Monsanto Code And Ethics

Submitted By ariankdds
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At Monsanto, we place value on doing things the right way—openly, honestly and with the utmost respect and integrity. But our values alone cannot guide all of our actions. Our Code —alongside our policies, procedures and the law—exists to help us.
Our Code explains the behaviors expected of us while working for Monsanto, and reinforces our shared values through practical examples. It teaches us how to achieve our business goals with integrity—not simply that we must do so. It is based on the laws, regulations, rules and policies we need to know when performing our jobs, and directs us to the appropriate resources when we need more information.
Most importantly, our Code helps us maintain the trust we have built with our stakeholders: customers, business partners, shareowners, communities, our Company and each other. Our Code reinforces our position on such topics as our Pledge, human rights, sustainability and doing business the right way.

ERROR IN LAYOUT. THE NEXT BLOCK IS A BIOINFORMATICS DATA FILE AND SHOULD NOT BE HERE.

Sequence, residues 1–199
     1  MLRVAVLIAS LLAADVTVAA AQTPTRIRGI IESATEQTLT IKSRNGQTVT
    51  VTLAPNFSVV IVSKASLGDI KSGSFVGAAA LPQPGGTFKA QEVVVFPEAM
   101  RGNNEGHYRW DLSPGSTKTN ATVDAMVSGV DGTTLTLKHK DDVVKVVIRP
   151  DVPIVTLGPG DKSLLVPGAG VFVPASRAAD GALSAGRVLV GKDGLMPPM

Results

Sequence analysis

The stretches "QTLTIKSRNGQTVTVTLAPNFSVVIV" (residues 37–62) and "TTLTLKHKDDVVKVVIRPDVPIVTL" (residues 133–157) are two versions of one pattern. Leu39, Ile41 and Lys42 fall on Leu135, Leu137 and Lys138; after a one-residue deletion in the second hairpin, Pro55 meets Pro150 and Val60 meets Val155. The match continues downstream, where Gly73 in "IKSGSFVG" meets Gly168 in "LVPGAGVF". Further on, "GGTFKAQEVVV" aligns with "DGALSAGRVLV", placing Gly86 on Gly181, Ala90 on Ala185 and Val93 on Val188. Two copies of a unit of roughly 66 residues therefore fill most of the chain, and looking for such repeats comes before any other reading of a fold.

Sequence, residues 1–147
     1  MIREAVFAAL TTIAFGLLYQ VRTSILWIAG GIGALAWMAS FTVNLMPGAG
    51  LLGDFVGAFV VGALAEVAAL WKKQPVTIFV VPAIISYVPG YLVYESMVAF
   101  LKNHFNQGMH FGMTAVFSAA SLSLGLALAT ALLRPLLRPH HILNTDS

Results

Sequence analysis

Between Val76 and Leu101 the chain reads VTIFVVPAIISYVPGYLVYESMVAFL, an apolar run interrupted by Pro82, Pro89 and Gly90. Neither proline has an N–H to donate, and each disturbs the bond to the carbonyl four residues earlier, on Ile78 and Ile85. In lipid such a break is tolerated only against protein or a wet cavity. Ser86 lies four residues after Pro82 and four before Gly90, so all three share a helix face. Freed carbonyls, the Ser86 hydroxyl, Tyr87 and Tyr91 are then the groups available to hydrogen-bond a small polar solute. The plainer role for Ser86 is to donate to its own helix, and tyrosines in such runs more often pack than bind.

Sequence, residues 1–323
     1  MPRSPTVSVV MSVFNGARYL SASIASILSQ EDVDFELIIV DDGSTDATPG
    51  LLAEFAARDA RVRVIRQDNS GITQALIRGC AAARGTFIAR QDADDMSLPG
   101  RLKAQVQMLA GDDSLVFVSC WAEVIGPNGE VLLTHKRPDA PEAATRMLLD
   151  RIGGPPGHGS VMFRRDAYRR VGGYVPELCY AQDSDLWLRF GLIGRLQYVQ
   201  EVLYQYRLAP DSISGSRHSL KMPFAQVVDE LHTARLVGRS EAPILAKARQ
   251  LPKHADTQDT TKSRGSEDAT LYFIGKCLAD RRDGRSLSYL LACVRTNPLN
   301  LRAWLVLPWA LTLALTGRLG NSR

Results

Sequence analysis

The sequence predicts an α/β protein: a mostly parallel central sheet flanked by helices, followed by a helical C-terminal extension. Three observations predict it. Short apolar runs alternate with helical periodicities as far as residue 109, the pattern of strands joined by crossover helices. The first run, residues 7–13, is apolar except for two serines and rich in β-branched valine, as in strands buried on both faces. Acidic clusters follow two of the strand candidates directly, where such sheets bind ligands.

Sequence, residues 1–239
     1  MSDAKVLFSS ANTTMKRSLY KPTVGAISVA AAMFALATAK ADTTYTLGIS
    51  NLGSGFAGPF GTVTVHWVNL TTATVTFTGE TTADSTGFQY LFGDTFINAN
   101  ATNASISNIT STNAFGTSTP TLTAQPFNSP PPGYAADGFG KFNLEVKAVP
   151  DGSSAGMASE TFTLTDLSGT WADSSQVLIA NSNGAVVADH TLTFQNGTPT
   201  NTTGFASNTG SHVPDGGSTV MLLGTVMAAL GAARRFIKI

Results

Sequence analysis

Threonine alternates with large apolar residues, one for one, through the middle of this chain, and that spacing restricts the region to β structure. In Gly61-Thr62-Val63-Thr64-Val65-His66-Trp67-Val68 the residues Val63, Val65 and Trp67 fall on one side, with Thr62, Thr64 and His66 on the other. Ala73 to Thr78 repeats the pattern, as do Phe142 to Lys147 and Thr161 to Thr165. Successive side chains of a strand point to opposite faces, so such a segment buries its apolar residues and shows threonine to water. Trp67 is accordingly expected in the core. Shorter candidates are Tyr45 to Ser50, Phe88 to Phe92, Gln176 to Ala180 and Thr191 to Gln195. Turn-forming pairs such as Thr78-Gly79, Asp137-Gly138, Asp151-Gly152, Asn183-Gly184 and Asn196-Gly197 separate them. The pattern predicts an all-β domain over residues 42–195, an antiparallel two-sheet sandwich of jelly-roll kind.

Genetically modified crops (GMCs, GM crops, or biotech crops) are plants, the DNA of which has been modified using genetic engineering techniques, to resist pests and agents causing harm to plants and to improve the growth of these plants to assist in farmers efficiency.
Genetic engineering techniques are much more precise[1] than mutagenesis (mutation breeding) where an organism is exposed to radiation or chemicals to create a non-specific but stable change. Other techniques by which humans modify food organisms include selective breeding; plant breeding, and animal breeding, and somaclonal variation.
In most cases the aim is to introduce a new trait to the plant which does not occur naturally in this species. Examples include resistance to certain pests, diseases or environmental conditions, or the production of a certain nutrient or pharmaceutical agent.
Critics have objected to GM crops per se on several grounds, including ecological concerns, and economic concerns raised by the fact these organisms are subject to intellectual property law. GM crops also are involved in controversies over
The first genetically modified crop approved for sale in the U.S., in 1994, was the FlavrSavr tomato, which had a longer shelf life.[17] In 1994, the